There I was in the Nahal Dishon Park in the Upper Galilee, the HolyLand (Israel). I was there to find and photograph ‘Protected’ Israeli butterflies. It’s never enough for me to just catch a fleeting glimpse of a blurred wing, or mediocre view. I strive to capture more, detail, beauty, unique looks.
I did that here, to my own demanding satisfaction,. Those trailing orangish-red blazes on the 4 wing margins please me. Oft times, my Macro- approach spooks the butterfly, and I either get nothing or I score unsatisfying images. This one? I’m viewing Dubi Benyamini’s field guide, and I’m happy to compare this shot with the images I see. Good. Very good. A rare butterfly, seen and acceptably photographed. The photographer? . . . . Me!
Seen in the coastal plains of Israel, the HolyLand, Anaphaeis aurota caught my attention, it so different from Israel and U.S. butterflies. The white was milk white and his contrasting black wing margins stood out, much.
Found in Israel, the Egyptian Sinai region and presumably Jordan and Lebanon, A. aurota flies from June to December.
Another that Jesus, Joshua and Aaron surely also enjoyed seeing. Binyamina, Israel, near Caeseria and Netanya.
No, not those coppers back in New York, Jersey, Boston or Chicago. These Coppers, Lycaena Thersamon, fly in Israel. This one is probably the most common Copper in that Part of the HolyLand.
She was in a field, surrounding a village on the slope of Mt. Hermon. There were dozens of them those mornings in March, and she was one of the most stunning of them all.
I have a fondness for Copper butterflies. I’m especially taken by that rich burnt copper hue, and how it plays against the black spots and wing margins.
Israel has 4 HolyLand Coppers, I’ve seen 2 of them. I’d love to return to the peak of Mt. Hermon and find the other 2, they rare and ‘Protected.’ That will have to wait, the IDF (Israel Defense Forces) are up there on the top of Mt. Hermon, and have been there for the last handful or so of years, protecting Israel from the carnage that has been going on on the other side, the Syrian side of this 7,000 foot tall mountain.
Me? I try as hard as I can to not buy ‘Made in China.’ That for so many reasons. It’s been tough for those of us who make this extra effort, but mostly it pays off. Made in USA sings to me, as I can find it. Our Monarch butterflies so evoke that for me. Danaus plexippus flies from coast to coast, north to south. Seeing a Monarch titillates all, ages 1 to 110. This one is on Tithonia (Mexican sunflower) in the Butterflies & Blooms Habitat in Eatonon, Georgia.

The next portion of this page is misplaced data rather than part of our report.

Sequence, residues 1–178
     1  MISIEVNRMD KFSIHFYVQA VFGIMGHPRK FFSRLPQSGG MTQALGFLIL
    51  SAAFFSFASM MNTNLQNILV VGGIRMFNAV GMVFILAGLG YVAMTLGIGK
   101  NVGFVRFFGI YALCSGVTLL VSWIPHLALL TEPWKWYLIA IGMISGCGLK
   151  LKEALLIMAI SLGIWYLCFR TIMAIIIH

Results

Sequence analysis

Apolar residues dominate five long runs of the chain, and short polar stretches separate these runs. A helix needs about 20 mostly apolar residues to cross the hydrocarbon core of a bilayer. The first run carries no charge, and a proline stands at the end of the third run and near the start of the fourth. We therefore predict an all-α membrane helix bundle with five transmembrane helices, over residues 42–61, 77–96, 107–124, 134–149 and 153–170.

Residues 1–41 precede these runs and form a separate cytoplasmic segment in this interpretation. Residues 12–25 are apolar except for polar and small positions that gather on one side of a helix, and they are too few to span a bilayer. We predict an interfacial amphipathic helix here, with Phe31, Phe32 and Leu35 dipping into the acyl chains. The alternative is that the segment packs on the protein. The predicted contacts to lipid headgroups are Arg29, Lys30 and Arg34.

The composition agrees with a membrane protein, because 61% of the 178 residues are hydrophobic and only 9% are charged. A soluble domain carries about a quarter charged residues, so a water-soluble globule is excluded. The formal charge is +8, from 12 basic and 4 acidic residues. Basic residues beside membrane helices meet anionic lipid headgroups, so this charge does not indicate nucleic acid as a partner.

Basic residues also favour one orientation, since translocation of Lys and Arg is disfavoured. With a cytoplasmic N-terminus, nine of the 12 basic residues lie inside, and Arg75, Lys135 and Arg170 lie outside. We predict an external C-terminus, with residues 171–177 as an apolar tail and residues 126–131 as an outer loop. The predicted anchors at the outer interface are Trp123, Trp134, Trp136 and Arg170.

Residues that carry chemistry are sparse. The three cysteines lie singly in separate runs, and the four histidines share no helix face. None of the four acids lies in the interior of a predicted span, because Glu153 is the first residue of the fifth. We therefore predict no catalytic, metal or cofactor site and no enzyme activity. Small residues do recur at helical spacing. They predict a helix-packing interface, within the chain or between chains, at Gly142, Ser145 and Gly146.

A very beautiful butterfly, waves of burnt orange, spots of a type of yellow, white, bands trailing the wing margins of black black, spiffy black wing lines, the stark sizable white spots on head and thorax, all eye-candy in a fresh Monarch.
Americans are also blessed, with the still phenomenal saga of Monarchs flying from Maine to Mexico, Eatonton to Mexico, Frewsburg to Mexico, Shellman Bluff to Mexico . . . and once winter slips away, from Mexico to Maine, Eatonton, Fresburg and Shellman Bluff. Oh, and from Washington State to California and from . . . .
Now, this image triggered my thinking to that word ‘Heroics.’ Would you look at those right wings? Thousands of tiny scales lost, holes in the wing, scratches. She has seen, experienced and survived. Her color remains sugary sweet, and her head, well, she is a real looker! American women & American Monarchs, the finest. The most heroic.
I admire the work of those of you who travel great distances, climbing rugged terrain and doing extensive detective work to capture images of butterflies in the outback. Wingedbeauty has a long way to go before we can claim such distinction. Our posts here are butterflies that hikers, picnickers, naturalists, and home gardeners can see. We offer information and identification assistance, hopefully leading our readers to results. My favorite of these possibilities are that 1) people are prompted to be much more aware of the butterflies they encounter and 2) then they head out into the field to locate and identify butterflies. These responses will increase the universal awareness of butterflies and exponentially strengthen the ranks of butterfly lovers.
Polygonia interrogationis butterflies are usually met on trails that skirt the forest. The best time to spot one is in the mid-morning. They fly in a leisurely manner at this time of day. This butterfly had just abandoned its nighttime hiding spot. Still sluggish, the insect allowed me to approach with care. Resting on a fern in Raccoon Creek State Park (Southwestern Pennsylvania), its chosen position made for an image that reminds us that the Question Mark Butterfly is one of the anglewing butterflies, recognizable for its severe hooks and the turns of its wing margins.
Moments later this butterfly flew speedily out of sight. You almost never see them drinking nectar from flowers, so these are the kinds of meetings you must have with Question mark butterflies. To see what they eat, why don’t you have a look at our other posts on Question Mark Butterflies.
This photograph is a good representative for the types of butterflies that we share here: Butterflies of your city, town, farm, and rural neighborhood. They are our neighbors, so to speak.